Equation (1) yields this wave packet solution across a broad range of model parameters, from relatively sharp thermocline (i.e., b = 40) and weak solar forcing (i.e., S = 2 tenths°C) to relatively broad thermocline (i.e., b = 3) and strong solar forcing (i.e., S = 8 tenths°C), with greater non-linearity and/or external forcing intensifying the higher odd harmonics. We choose this latter parameter group, where S = SO/(ρOCPOHω) ≈ 8 tenths°C, wherein anomalous solar insolation SO of 3 Wm−2 heats the near surface mixed layer of depth scale H ≈ 50 m [White et al., 1997]. This estimate for SO represents the root-mean-square of regional surface solar insolation anomalies observed across the tropical Pacific Ocean during peak ∼11-yr solar forcing [Meehl et al., 2008]. Whilst this is an order of magnitude larger than the amplitude of peak ∼11-yr solar radiative forcing of ∼0.3 Wm−2 at the top of the tropical atmosphere [Lean et al., 2005], both van Loon et al.  and Meehl et al.  find the latter amplified by an order of magnitude in relatively cloud-free domains via strong positive feedbacks from regional vertical-horizontal circulation cells in the troposphere.
 In Equation (1), substituting the solar-forced 1st harmonic solution for h [i.e., cos(t)] into the cubic negative feedback term yields b[cos(t)]3 = b[3/4cos(t) + 1/4cos(3t)], introduces an additional negative feedback for the 3rd harmonic. Repeating this substitution with cos(3t) at the next level of approximation generates negative feedbacks for the 5th and 7th harmonics, and so on. Thus, the solar-forced QDO forces the ∼3.6-yr ENSO signal, which in turn forces the ∼2.2-yr ENSO signal, and so on, leading to a non-linear cascade of higher odd harmonic generation (Figures 3a and 3b, right), all instigated by the 11-yr solar forcing.
4. Discussion and Conclusions
 The sum of solar-forced ∼3.6- and ∼2.2-yr harmonics in the observed monthly Nino-3 SST index (red curve, Figure 4) explains ∼52% of inter-annual variance for periods >1 yr (black curve, Figure 4), significant at >99% confidence for 32 degrees of freedom, producing peaks that align with ∼75% (i.e., 24 of 32) of El Nino episodes from 1900–2005, with ∼6 false positives. These odd harmonics dominate other ENSO signals (heavy curve in Figure 1a) and noise in explaining inter-annual variance in the Nino-3 SST index.
 This also finds 18 of ∼32 El Nino episodes from 1900-2005 grouped into the E-L (L-E) pairs in 1900, 1912, 1926, 1937–38, 1948, 1957–58, 1966, 1976–77, 1987, 1998 (1908, 1919, 1933, 1944, 1953, 1962–63, 1973, 1983, 1995, 2005) that tend to straddle rising (falling) transition phases of the QDO, with 8 additional E episodes (generally weaker) in 1903, 1915, 1931, 1941, 1969, 1980, 1991–92, and 2002 nominally aligned with peak phases of the QDO, as indicated in the composites (Figures 2c–2e). This alignment was better from 1900–1920 and 1960–2005 (1920–1960) when amplitude of the QDO (Figure 1d) and of ∼11-yr solar forcing [White et al., 1997] was higher (lower), this latter epoch finding E and L notably weaker as well (black curve, Figure 4), consistent with multi-decadal amplitude modulation of ENSO in evolutive spectra [Allan, 2000].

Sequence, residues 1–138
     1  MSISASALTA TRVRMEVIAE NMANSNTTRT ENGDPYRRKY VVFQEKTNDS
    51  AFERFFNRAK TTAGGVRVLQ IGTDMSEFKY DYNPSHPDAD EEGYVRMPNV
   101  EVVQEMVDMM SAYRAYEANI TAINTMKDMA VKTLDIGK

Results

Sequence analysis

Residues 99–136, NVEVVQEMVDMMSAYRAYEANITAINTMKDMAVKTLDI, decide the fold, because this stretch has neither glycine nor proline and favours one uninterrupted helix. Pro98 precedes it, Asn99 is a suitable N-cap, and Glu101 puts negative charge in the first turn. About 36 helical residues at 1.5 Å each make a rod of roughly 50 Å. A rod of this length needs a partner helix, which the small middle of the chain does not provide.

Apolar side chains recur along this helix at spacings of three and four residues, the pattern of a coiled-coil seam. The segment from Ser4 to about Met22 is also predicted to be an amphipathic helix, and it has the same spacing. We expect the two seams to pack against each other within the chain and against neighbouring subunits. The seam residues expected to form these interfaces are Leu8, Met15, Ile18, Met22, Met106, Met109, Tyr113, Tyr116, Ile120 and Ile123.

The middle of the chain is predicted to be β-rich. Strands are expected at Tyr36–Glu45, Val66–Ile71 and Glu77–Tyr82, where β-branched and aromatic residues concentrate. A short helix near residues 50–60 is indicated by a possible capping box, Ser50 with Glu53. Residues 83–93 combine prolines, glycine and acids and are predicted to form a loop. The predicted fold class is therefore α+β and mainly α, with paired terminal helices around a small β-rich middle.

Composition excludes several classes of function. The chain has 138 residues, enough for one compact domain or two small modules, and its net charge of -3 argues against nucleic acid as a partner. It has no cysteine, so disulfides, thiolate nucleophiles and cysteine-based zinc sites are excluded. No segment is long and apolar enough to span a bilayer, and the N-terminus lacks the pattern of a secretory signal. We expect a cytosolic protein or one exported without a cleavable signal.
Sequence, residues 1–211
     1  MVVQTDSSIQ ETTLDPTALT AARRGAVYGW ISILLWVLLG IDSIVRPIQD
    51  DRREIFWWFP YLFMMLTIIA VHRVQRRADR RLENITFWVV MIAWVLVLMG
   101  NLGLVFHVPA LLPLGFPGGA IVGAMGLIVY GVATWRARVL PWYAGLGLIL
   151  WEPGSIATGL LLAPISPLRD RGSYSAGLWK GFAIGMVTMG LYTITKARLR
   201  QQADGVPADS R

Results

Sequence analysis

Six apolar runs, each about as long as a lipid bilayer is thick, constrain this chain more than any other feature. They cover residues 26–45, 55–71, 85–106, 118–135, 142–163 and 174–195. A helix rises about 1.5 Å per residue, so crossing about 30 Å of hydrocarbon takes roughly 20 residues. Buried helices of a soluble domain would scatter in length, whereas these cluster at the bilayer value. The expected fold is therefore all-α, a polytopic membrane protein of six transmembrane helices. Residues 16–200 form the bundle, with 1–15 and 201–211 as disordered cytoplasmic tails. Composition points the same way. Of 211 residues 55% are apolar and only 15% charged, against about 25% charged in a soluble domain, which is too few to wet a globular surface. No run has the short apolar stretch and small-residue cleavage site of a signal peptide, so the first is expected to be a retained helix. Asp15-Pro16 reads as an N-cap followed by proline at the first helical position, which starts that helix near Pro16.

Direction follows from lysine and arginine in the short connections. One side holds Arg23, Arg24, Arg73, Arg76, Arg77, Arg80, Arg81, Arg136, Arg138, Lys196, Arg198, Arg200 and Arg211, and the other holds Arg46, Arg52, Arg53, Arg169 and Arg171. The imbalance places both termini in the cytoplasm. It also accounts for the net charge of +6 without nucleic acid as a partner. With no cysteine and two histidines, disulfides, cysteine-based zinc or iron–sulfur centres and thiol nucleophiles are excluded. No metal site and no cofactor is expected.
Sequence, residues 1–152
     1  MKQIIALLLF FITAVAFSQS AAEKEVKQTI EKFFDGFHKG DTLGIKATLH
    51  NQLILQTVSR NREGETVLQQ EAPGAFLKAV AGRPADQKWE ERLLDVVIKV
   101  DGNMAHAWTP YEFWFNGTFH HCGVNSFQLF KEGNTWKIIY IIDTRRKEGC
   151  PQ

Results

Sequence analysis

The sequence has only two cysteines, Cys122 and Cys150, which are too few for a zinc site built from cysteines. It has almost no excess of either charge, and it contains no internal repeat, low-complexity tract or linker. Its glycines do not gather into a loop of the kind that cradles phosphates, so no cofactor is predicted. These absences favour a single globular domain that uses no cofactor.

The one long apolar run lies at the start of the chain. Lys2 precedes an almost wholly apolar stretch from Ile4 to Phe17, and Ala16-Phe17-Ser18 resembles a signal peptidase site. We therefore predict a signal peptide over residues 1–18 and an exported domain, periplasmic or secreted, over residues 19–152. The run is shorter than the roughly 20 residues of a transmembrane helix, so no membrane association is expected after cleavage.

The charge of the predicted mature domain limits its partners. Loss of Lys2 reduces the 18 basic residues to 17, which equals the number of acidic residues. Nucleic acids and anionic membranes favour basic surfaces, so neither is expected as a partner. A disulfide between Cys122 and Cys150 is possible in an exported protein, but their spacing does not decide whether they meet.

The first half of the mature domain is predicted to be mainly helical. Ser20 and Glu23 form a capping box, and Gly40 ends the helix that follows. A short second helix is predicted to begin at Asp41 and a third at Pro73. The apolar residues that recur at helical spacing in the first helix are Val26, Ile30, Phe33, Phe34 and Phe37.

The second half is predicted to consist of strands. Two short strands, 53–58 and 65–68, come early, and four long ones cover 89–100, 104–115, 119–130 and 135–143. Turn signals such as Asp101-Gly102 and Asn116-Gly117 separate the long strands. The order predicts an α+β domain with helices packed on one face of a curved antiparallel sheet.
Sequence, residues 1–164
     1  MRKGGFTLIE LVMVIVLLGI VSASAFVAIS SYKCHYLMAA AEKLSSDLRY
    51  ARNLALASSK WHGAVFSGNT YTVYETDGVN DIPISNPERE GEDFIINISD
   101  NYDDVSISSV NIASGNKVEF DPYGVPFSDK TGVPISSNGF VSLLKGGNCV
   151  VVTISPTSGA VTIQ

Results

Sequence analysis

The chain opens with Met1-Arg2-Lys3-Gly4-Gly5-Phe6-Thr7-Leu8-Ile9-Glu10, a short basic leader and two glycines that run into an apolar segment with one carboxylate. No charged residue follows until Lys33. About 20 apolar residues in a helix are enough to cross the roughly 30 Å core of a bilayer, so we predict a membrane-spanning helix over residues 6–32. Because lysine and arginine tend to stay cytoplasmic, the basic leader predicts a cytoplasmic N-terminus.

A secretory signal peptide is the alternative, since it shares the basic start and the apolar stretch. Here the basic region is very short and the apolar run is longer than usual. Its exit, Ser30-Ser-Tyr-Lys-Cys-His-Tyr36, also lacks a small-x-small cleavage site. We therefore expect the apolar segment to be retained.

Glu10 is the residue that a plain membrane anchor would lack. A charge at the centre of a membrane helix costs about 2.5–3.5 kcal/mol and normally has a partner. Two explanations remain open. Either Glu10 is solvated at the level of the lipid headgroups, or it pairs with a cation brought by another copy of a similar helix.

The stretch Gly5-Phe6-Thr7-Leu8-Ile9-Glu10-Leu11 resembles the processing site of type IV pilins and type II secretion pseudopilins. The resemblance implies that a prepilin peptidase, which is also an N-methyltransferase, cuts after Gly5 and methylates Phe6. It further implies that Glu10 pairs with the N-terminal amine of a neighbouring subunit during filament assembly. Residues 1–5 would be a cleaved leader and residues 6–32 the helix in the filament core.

Wave packet responses to 11-yr solar forcing in FOAM and the conceptual model are similar (Figure 3c). However, the response to ambient noise in the conceptual model yields a weak QDO but no higher odd harmonics, while in FOAM it yields no QDO but weak higher odd harmonics [Liu et al., 2000], Thus, higher odd harmonics in the observations may be self-excited or driven by ambient noise, as in FOAM and other general circulation models, but intensified by, and synchronized to, the solar-forced QDO.
 Solar-forced FOAM generated ∼11-, ∼3.6-, and ∼2.2-yr harmonics, each harmonic governed by the same tropical Pacific DAO, with period proportional to latitude of off-equatorial Rossby wave reflection [White and Liu, 2008] as observed [Graham and White, 1988; Graham et al., 1990; White et al., 2003]. The ∼11-yr solar forcing excited the 11-yr QDO in this tropical Pacific DAO, while internal non-linear processes therein allow the solar-forced QDO to drive or synchronize the ∼3.6- and ∼2.2-yr ENSO signals. It remains to determine whether these non-linear processes are the same as those in Equation (1).
 Warren White is supported by NASA and UCSD. Zhengyu Liu is supported by NOAA, DOE, and UWM.